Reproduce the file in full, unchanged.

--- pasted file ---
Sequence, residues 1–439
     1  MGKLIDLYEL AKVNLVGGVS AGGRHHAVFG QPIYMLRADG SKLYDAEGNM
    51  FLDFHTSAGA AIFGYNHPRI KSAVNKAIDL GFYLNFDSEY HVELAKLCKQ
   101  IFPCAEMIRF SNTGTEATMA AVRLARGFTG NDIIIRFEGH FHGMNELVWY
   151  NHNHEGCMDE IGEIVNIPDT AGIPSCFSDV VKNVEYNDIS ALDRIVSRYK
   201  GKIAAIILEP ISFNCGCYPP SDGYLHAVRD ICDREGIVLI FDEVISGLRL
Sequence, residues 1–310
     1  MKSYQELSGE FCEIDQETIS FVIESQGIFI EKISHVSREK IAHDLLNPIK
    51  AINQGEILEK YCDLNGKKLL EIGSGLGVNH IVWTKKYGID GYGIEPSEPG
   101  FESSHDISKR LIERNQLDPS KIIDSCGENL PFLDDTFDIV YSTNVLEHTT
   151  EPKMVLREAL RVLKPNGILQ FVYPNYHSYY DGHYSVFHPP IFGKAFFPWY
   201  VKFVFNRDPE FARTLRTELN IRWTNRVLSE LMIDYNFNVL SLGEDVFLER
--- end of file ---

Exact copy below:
Sequence, residues 1–439
     1  MGKLIDLYEL AKVNLVGGVS AGGRHHAVFG QPIYMLRADG SKLYDAEGNM
    51  FLDFHTSAGA AIFGYNHPRI KSAVNKAIDL GFYLNFDSEY HVELAKLCKQ
   101  IFPCAEMIRF SNTGTEATMA AVRLARGFTG NDIIIRFEGH FHGMNELVWY
   151  NHNHEGCMDE IGEIVNIPDT AGIPSCFSDV VKNVEYNDIS ALDRIVSRYK
   201  GKIAAIILEP ISFNCGCYPP SDGYLHAVRD ICDREGIVLI FDEVISGLRL
Sequence, residues 1–310
     1  MKSYQELSGE FCEIDQETIS FVIESQGIFI EKISHVSREK IAHDLLNPIK
    51  AINQGEILEK YCDLNGKKLL EIGSGLGVNH IVWTKKYGID GYGIEPSEPG
   101  FESSHDISKR LIERNQLDPS KIIDSCGENL PFLDDTFDIV YSTNVLEHTT
   151  EPKMVLREAL RVLKPNGILQ FVYPNYHSYY DGHYSVFHPP IFGKAFFPWY
   201  VKFVFNRDPE FARTLRTELN IRWTNRVLSE LMIDYNFNVL SLGEDVFLER